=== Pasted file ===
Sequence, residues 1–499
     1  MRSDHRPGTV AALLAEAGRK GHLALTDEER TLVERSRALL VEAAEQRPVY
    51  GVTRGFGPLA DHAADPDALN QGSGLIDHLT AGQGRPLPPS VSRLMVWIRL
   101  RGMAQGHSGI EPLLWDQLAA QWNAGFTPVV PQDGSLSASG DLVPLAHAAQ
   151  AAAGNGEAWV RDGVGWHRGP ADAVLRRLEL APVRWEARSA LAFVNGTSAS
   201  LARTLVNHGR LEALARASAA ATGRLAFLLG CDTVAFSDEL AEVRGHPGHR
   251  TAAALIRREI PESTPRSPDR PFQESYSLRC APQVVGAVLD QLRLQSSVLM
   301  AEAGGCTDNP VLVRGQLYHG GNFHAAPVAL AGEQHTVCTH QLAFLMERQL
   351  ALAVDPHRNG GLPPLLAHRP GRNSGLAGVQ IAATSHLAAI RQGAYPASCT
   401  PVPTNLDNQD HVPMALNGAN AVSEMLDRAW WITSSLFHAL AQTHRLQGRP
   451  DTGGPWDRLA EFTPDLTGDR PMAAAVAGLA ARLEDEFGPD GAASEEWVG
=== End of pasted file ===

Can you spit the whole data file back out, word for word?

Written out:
Sequence, residues 1–499
     1  MRSDHRPGTV AALLAEAGRK GHLALTDEER TLVERSRALL VEAAEQRPVY
    51  GVTRGFGPLA DHAADPDALN QGSGLIDHLT AGQGRPLPPS VSRLMVWIRL
   101  RGMAQGHSGI EPLLWDQLAA QWNAGFTPVV PQDGSLSASG DLVPLAHAAQ
   151  AAAGNGEAWV RDGVGWHRGP ADAVLRRLEL APVRWEARSA LAFVNGTSAS
   201  LARTLVNHGR LEALARASAA ATGRLAFLLG CDTVAFSDEL AEVRGHPGHR
   251  TAAALIRREI PESTPRSPDR PFQESYSLRC APQVVGAVLD QLRLQSSVLM
   301  AEAGGCTDNP VLVRGQLYHG GNFHAAPVAL AGEQHTVCTH QLAFLMERQL
   351  ALAVDPHRNG GLPPLLAHRP GRNSGLAGVQ IAATSHLAAI RQGAYPASCT
   401  PVPTNLDNQD HVPMALNGAN AVSEMLDRAW WITSSLFHAL AQTHRLQGRP
   451  DTGGPWDRLA EFTPDLTGDR PMAAAVAGLA ARLEDEFGPD GAASEEWVG